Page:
But, see, it didn't matter all that much to us. We were American. Our roots were precious, but they weren't to be clung to. That was the mindset of that era, though, during the waves of emmigration to the United States in the early 1900s: you move here, find people who speak your language and share your culture, and then try to be as American as possible so your kids will be better off than you are. I think the mindset is different now, or maybe for some cultures it has never really changed. I pass no judgment here. I merely write what I have observed. It's one magazine in a thousand, but it's been an interesting thing to read and think about.

If reading this magazine would impart to me the ability to move my hips like they were oiled, I'd read that magazine every single day. It would SO help my Zumba moves!

Friday, March 11, 2011

Coin Wars

So it's been a busy week.

First of all, to add to my list of Things I Should Have Done But Procrastinated Too Long On, I was nominally in charge of the spring PTA fundraiser for the elementary school. The problem was I continually forgot to attend any PTA meetings, so on Sunday night, I got a call from the PTA president about the fundraiser, which began last Monday. I had seen the signs up at the school and felt very badly about the fact that time had scurried along so quickly, and I apologized profusely for neglecting to be on top of it. She was very, very kind. In fact, she's the type of person who has great ideas and a die-cutter, so she'd already created the posters and all the equipment needed for the fundraiser. All I had to do, she said, was show up and do the work.

Hey, I can do that. Tell me where to stand and I can stand like a pro. Just don't ask me to be in charge of anything, obviously.

This particular fundraiser is, in my expert opinion as a mother of six former, current, and future elementary school students, genius. Sheer genius. I hate fundraisers. HATE them. Most of the time, the kids are all hyped up from an assembly by the fundraising company's spokesperson, who tells them about all the fantastic prizes they'll win for making sales, so they come home waving their packets of catalogs full of overpriced chocolates or cookies or knick-knacks, ready to hit up all the neighbors and extended family. And after all that work, the school is lucky to get 50% of the profits. This fundraiser, on the other hand, was the brainchild of members of the PTA at this school and includes no useless profit sharing. All the proceeds go directly to the school.

It's called Coin Wars. In past years, it was called Penny Wars; but this year they simplified the rules a bit. The premise is simple: each grade has a bucket into which the students deposit change and paper money. All the coins count as positive points (in past years, pennies were positive and silver was negative), and paper money counts as negative points. The strategy is for each grade to dump all their change into the bucket for their grade and all their paper money into the buckets of other grades, thereby raising their own positive points and negating positive points for other grades. The change gets added up at the end of each day (we took the money to the PTA's credit union, which has a coin counting machine) and the total points for each grade is the amount of change minus the amount of paper money. For instance, this year the fourth grade totally nailed the win by bringing in over $100 in change. The rest of the grades didn't stop them in time, even when over $60 of paper money was added to their bucket on Thursday and Friday (the Coin Wars extends over a full school week). Some kids and parents save up all year for the Coin Wars.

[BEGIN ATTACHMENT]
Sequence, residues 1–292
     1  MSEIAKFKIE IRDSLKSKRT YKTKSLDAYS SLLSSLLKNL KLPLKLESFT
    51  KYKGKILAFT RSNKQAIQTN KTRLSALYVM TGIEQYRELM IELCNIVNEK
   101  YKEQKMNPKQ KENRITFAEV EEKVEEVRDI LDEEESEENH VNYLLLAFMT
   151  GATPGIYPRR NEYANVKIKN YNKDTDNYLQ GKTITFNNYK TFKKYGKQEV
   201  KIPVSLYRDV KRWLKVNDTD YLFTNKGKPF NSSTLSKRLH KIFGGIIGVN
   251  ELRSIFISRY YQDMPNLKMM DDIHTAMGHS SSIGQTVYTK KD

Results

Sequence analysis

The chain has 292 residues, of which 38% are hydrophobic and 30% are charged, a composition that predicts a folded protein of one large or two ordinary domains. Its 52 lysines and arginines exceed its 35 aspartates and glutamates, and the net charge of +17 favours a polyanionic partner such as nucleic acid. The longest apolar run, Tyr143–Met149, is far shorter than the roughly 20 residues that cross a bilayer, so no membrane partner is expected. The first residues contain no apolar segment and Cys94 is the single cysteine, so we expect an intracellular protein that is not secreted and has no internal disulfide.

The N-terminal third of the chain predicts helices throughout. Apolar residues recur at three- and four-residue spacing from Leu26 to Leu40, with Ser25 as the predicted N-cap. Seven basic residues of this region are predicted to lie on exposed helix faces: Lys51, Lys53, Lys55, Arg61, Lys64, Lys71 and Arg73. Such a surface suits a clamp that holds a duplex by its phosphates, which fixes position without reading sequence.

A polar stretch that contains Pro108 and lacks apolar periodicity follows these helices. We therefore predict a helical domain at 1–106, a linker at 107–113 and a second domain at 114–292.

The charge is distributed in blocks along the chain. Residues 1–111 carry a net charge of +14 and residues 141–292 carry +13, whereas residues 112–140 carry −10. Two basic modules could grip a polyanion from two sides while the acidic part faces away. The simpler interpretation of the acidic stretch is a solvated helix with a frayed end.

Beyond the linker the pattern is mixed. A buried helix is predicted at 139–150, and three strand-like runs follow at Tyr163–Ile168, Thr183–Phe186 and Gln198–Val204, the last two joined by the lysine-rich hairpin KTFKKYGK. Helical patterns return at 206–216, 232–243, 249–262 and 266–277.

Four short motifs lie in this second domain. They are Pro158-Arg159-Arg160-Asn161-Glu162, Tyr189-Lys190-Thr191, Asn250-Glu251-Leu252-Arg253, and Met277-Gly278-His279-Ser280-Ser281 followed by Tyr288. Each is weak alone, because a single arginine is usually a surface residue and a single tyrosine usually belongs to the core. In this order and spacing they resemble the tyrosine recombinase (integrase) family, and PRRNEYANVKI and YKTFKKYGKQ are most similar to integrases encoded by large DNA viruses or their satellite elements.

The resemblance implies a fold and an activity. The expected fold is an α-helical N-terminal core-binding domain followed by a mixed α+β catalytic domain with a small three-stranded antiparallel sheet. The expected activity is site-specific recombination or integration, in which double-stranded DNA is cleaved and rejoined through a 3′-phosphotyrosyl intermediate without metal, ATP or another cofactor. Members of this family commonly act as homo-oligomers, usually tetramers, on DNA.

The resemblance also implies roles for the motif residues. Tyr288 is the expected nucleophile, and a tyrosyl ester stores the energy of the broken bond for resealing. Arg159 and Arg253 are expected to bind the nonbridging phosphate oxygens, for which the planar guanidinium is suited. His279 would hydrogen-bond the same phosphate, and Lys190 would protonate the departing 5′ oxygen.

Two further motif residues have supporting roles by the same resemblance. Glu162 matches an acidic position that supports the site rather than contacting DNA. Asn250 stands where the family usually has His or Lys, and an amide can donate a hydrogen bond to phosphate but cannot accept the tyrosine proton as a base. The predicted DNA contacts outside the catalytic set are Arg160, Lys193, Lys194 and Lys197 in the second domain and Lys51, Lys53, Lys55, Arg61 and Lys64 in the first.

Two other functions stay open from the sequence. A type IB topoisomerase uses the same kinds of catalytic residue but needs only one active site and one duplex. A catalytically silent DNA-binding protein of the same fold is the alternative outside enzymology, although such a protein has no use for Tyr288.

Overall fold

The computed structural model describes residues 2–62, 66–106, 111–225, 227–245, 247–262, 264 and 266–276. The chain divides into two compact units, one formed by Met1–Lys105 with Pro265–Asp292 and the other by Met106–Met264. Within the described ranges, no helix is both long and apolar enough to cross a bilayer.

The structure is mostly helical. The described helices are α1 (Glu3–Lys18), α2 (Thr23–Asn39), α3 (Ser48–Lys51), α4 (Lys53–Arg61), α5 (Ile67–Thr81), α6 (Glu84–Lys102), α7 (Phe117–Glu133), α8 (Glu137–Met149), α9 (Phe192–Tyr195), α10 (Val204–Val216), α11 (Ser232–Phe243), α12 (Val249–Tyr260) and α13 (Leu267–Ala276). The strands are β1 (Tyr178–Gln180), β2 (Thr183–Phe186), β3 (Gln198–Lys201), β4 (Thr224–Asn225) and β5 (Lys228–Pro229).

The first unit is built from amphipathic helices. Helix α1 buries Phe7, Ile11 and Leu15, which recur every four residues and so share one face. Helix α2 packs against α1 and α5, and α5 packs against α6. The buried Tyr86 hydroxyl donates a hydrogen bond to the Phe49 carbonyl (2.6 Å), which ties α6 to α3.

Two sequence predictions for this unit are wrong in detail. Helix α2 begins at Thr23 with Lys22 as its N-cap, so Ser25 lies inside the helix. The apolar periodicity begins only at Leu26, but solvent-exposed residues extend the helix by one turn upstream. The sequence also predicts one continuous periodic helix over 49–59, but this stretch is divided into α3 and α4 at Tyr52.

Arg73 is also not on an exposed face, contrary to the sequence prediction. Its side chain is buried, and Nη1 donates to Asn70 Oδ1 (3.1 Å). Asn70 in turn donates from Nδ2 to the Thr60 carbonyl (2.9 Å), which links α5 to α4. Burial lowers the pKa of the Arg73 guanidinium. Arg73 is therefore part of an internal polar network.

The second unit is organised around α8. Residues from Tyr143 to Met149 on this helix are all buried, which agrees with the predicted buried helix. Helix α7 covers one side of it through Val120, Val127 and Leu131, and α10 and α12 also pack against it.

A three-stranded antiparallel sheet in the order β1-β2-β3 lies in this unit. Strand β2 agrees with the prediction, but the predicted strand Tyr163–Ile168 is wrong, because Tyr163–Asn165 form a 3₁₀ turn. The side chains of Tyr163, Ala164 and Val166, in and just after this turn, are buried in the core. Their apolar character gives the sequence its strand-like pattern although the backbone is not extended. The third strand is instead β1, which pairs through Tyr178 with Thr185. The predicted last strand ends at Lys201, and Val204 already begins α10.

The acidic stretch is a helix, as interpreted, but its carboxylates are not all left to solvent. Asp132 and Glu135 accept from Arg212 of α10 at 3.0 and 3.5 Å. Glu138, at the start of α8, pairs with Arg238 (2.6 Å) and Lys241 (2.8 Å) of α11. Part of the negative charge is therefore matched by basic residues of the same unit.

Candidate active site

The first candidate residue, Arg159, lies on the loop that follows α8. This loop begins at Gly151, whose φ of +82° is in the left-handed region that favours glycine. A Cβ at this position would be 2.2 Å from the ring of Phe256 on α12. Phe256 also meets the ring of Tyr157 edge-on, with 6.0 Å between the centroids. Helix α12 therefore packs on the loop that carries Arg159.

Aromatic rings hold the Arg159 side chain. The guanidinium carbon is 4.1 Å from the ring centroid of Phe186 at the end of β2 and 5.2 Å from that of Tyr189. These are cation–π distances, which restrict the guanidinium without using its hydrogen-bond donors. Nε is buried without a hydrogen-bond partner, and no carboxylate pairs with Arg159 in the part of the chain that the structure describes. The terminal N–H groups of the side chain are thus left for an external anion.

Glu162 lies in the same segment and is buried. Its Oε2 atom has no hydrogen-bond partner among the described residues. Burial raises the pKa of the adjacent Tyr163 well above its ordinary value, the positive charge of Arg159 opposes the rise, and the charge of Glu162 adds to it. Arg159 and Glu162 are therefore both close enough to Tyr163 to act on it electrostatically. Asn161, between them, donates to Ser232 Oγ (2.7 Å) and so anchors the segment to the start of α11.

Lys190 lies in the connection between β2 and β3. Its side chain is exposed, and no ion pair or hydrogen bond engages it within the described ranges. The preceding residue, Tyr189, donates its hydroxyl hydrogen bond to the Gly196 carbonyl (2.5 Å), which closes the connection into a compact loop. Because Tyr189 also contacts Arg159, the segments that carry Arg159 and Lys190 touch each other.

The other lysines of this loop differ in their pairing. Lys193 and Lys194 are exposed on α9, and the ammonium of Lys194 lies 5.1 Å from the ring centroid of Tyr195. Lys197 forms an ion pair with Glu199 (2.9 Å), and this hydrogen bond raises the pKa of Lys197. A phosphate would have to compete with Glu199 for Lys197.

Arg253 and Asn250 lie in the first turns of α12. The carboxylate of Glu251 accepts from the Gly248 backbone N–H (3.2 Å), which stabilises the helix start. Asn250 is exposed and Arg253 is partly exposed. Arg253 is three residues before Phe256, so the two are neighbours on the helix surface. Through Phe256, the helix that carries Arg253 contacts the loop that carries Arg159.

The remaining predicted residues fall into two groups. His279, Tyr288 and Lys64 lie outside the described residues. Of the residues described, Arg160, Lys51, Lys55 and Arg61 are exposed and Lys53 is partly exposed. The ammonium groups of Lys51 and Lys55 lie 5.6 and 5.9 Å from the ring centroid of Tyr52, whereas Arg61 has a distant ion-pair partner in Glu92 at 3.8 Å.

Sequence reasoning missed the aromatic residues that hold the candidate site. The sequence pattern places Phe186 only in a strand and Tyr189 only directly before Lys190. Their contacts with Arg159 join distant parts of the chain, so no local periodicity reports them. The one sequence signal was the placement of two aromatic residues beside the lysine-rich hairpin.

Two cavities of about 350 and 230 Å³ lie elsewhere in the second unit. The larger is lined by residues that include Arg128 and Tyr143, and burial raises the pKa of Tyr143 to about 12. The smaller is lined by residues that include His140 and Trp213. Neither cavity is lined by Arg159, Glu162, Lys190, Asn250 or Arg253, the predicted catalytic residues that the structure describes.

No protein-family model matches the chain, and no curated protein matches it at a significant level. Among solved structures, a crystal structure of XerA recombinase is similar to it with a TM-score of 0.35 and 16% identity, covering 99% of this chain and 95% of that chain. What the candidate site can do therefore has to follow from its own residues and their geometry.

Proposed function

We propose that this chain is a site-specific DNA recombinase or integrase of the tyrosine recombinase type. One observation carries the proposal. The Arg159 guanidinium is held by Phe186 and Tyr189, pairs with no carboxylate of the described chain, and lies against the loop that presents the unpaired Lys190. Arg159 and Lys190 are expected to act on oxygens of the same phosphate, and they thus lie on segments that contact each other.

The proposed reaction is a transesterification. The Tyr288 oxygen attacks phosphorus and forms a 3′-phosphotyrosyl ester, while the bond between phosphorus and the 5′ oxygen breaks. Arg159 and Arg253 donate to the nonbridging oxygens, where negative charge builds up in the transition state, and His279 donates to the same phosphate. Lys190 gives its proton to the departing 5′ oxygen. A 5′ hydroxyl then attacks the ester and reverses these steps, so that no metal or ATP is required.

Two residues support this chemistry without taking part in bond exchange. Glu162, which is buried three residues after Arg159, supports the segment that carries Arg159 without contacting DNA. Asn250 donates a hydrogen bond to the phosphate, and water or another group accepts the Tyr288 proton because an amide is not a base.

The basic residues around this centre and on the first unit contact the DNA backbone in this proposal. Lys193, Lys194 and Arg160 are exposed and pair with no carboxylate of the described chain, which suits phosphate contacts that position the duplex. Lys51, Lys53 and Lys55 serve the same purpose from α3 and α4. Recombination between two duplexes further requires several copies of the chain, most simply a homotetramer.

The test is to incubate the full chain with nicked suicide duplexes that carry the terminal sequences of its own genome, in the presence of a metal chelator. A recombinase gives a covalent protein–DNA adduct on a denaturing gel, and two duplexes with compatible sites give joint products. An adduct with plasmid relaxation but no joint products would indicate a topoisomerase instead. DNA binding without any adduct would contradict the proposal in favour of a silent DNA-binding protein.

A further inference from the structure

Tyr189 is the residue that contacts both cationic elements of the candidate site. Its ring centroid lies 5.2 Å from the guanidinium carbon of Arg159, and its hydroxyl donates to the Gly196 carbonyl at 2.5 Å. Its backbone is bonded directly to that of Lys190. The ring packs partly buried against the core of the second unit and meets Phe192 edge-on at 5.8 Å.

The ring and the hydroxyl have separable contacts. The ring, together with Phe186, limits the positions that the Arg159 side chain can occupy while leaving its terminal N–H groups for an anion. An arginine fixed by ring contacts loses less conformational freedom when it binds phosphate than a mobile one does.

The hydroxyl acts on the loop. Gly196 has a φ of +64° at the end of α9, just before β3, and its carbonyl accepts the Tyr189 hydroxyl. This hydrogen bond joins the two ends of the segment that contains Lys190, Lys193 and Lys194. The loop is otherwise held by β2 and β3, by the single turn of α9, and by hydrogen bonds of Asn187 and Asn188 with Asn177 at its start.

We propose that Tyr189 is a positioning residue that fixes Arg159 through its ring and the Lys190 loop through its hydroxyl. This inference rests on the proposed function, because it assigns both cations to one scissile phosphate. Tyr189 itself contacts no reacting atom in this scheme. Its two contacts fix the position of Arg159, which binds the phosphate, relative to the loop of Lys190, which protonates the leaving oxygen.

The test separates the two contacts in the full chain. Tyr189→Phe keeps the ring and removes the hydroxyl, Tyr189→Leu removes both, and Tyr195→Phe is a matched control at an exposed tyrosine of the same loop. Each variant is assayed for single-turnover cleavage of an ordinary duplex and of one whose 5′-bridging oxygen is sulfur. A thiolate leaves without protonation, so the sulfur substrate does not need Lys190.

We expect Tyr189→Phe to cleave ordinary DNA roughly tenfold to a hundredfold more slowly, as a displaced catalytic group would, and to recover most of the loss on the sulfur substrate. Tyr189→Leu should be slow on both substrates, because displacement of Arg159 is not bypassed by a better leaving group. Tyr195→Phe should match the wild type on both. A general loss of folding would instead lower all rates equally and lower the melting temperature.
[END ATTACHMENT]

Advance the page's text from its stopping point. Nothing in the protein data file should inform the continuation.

The winning grade gets posters on their doors and a prize. And bragging rights, of course. Last year, the prizes were collectible pennies all snug in a little plastic box and display foam for each student in the winning grade (I think it was the 3rd graders, actually, which explains why this year the 4th grade won). The price was negligible and the PTA had money to fund all the programs it puts on throughout the year. This year, the winning grade gets to pick $300 worth of new playground equipment. They're all glad the kindergarten didn't win.

It was fun. I got to leave Little Gary home two of the days because a responsible older sister was home sick from school. I also got to hang out with some of my friends, including Linnea, and meet new people from the PTA. The days I brought Little Gary with me were more trying, and I didn't plan very well by bringing things to keep him occupied. Linnea had a couple quarters so he could get treats from the machines at the bank. Everyone managed not to gag at the stench of his stinky diaper today. At least, they were very polite about it and didn't mention it. (No, I haven't potty trained him yet)

I did have to miss Thursday's mad coin collecting and run to the bank, however. Instead, a friend filled in for me at the school while I went with Husband to The Big City for a doctor appointment. All is well with his blood counts (though those platelets may never make a full recovery), but Doc was very concerned about a cyst-like thing on the bridge of Husband's nose that is aggravated by his glasses. "Oh!" she said. "I'm thinking that might be a type of superficial skin cancer!" and made an appointment for Husband to see the dermatologist. I'm thinking that she's an excellent oncologist and sees cancer everywhere and that the cyst-like thing might turn out to be just a cyst that is aggravated by Husband's glasses eyepiece. In any case, there's no point worrying too much about it until next Monday, when the derm will have a look.